How well it suits all men, on the subject of chaos, to say that it is a kind of darkness! But in fact it comes from certain brusque and untoward minglings of matter as well as from the exhalations of general expression, not excluding those called, but miscalled, pleasantries, as well as those called, with greater justice, commonplaces, bearing on their backs and so hiding from sight stubby fingers of implication, which can be called neither clean nor fresh scented, which poke and prod and slowly roll the emissions of matter, tumbling into itself without cessation, and thereby rendering through flattened language a crust, and through off-color expression some declivity within the crust, which declivity we call Lake Michigan, its pasty waters murmuring perpetually a single word: Waukegan, which is the old Indian word for “chaos,” which is itself a Greek word for a bladder filled with gas, or hysterical pregnancy. We may briefly summarize the events leading in time to the founding of the city in this way: pregnant with chaos, Lake Michigan delivered itself of a Balloon, which nested pink upon its waters. This Balloon we call “Leonard,” whose mother Minnie Palmer was so full of watery substance (tears, spittle), being Lake Michigan in another form, that her eventual distension and release of the form “Leonard” was a matter long foretold in the myths and rites of the Rotarians, who, on moonless nights, would pierce the prairie calm with their cries and frenzied dancing, leaving in their wake a suppuration of air. 


And Minnie Palmer came and appeared over the matter of chaos, or Leonard, shaking brightly painted rattles to check the storm which blanketed neighboring Kenosha in thick gray light and hanging drizzle. So fiercely she rattled that the storm, abashed, abode in Kenosha like an Old Curtain, screening its gentle miseries from neighboring settlements, turning its fertile pastures to sludge and sediment, and laying dim nightmares deep in the brain-folds of its people, who ever after would be startled unreasonably by sudden sounds. 


And Minnie Palmer was known at the depot and also at the drugstore, earning Nickels as she could, in her way. These Nickels she saved together in a Sock, the sum dedicated to the rearing of her minor metropolis. And the sky of those days was the blue of milk, and glowing like milk from within.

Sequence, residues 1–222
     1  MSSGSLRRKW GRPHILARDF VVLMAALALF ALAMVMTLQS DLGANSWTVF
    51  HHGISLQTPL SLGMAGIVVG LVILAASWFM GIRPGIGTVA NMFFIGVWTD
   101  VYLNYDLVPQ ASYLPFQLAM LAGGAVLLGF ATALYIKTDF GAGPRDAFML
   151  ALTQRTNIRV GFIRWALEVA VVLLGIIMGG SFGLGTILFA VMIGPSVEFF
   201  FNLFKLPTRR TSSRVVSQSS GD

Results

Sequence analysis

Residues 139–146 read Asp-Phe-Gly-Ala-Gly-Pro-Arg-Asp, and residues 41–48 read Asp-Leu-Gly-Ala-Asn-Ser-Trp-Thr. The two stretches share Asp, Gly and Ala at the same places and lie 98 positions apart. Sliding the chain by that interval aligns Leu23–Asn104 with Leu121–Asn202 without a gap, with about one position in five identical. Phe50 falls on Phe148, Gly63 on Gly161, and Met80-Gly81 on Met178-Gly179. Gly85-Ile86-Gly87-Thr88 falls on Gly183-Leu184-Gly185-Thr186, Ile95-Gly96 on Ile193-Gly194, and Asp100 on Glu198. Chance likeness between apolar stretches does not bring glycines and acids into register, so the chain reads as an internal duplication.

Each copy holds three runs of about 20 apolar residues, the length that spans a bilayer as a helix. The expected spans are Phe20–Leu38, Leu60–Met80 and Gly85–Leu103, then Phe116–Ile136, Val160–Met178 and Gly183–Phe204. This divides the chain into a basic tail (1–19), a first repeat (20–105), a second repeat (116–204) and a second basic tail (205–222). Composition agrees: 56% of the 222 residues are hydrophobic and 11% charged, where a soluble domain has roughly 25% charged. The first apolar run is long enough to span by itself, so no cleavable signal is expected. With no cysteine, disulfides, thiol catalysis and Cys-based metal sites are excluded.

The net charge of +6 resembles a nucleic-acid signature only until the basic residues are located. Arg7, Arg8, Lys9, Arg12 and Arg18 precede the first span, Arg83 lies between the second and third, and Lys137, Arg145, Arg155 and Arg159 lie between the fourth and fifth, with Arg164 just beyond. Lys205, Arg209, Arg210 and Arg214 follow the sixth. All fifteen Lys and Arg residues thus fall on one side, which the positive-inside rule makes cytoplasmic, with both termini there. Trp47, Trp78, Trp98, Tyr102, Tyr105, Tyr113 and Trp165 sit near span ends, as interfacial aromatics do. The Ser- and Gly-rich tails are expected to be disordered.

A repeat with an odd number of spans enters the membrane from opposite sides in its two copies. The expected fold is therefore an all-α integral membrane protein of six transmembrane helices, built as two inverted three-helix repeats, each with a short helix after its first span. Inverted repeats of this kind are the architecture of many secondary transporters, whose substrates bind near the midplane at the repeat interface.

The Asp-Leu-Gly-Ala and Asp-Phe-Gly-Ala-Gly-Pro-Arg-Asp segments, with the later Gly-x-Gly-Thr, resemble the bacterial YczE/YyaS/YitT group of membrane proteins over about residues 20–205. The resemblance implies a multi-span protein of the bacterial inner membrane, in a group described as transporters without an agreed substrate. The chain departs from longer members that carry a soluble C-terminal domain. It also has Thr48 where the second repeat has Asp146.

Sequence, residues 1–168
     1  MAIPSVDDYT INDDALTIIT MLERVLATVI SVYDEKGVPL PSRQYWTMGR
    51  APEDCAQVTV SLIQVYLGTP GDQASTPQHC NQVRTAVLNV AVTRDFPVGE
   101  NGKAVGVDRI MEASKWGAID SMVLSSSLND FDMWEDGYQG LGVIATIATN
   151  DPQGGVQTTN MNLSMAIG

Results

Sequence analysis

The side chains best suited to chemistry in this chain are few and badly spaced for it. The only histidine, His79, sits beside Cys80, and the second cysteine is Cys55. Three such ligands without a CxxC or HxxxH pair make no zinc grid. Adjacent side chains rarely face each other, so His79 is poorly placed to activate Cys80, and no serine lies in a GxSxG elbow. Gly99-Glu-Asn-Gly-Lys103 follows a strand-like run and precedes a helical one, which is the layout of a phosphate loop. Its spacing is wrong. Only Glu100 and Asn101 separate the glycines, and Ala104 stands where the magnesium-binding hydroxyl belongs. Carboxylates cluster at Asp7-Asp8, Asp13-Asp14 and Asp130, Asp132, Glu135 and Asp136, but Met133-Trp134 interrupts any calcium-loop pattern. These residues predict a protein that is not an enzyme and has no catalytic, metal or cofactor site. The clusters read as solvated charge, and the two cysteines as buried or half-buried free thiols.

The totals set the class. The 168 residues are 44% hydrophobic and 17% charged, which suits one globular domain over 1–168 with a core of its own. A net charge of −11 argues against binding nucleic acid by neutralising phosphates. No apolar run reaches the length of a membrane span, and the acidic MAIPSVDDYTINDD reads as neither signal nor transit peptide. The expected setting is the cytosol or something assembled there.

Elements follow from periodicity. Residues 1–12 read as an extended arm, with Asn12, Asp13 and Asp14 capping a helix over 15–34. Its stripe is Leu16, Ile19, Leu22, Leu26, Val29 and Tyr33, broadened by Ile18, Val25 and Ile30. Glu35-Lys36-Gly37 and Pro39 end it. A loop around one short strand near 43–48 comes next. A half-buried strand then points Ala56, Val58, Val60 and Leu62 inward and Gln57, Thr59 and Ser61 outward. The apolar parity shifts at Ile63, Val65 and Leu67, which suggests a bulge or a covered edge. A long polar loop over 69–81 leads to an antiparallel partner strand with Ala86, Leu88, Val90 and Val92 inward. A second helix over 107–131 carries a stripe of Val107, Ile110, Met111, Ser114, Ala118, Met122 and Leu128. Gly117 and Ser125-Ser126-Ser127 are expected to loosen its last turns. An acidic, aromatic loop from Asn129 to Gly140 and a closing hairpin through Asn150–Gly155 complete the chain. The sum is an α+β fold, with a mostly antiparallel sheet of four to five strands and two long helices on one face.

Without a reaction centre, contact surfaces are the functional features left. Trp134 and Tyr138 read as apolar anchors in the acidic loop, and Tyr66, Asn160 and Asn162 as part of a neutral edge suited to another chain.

So Leonard prospered, growing yet pinker as he drifted from the center of Minnie Palmer to settle on her shores. But when the elastic of summer, which seemed to stretch forever, finally snapped and retracted into autumn and winter, a blankness crept upon the land, penetrating slowly in twin voids of snow and shadow. And from this blankness emerged the temptation of Leonard, in the form of a theater that had come into being out of the shadow. And this was known as the Genessee Theater, and despite his mother Minnie Palmer’s admonitions, to it was Leonard drawn, and from its stage he spoke, offering tidbits of wisdom couched in riddle and paradox. 


And the Priests of the Rotary came to the Genessee Theater, saying, “Why are you here, Leonard, and making of your mother, Minnie Palmer, a student of the school of sadness and disappointment?” And the light was upon Leonard, and he answered them, saying, “A man recently drank a pint of yeast in mistake for buttermilk. He rose earlier than usual the next morning.” And the Priests could not help but admit the truth of this. 

And the men of Kenosha came to the theater, saying, “Where is this Leonard, of whom we have heard tell, and what is it that he does to make people speak of him so?” And the light was upon Leonard, and he answered them, saying, “The distance from the head of a fox to its tail is a fur piece.” But the men of Kenosha did not understand, but simply sat and stared. 


And as Leonard’s engagement was extended indefinitely, Minnie Palmer evaporated in sadness, growing ever more etheric until she could be glimpsed only in the late afternoon light on the sheaves and on the porches, a lingering regret in the sunshine on the shoulders of winter drivers, and a glow of endings on the clown-noses standing sentinel before drive-thru windows, until finally she grew lighter than light and was no more seen, becoming in time a species of radio drama, heard at first regularly on weekdays and then more intermittently on fading signals in the midst of other, similar programs designed to leaven the heavy afternoons of housewives with episodes of tragedy more minor, more persistent, and more mundane than their own. 

1. The Package of Sorrow
And so her sadness found form, and form within form, for in this radio drama, known first as “One Mother’s Prayer,” her sadness took a central though disguised and silent role as a mysterious package that had arrived unexpectedly and sat, squat and mysterious, at the center of the kitchen table that formed the core and pivot of this evanescent world.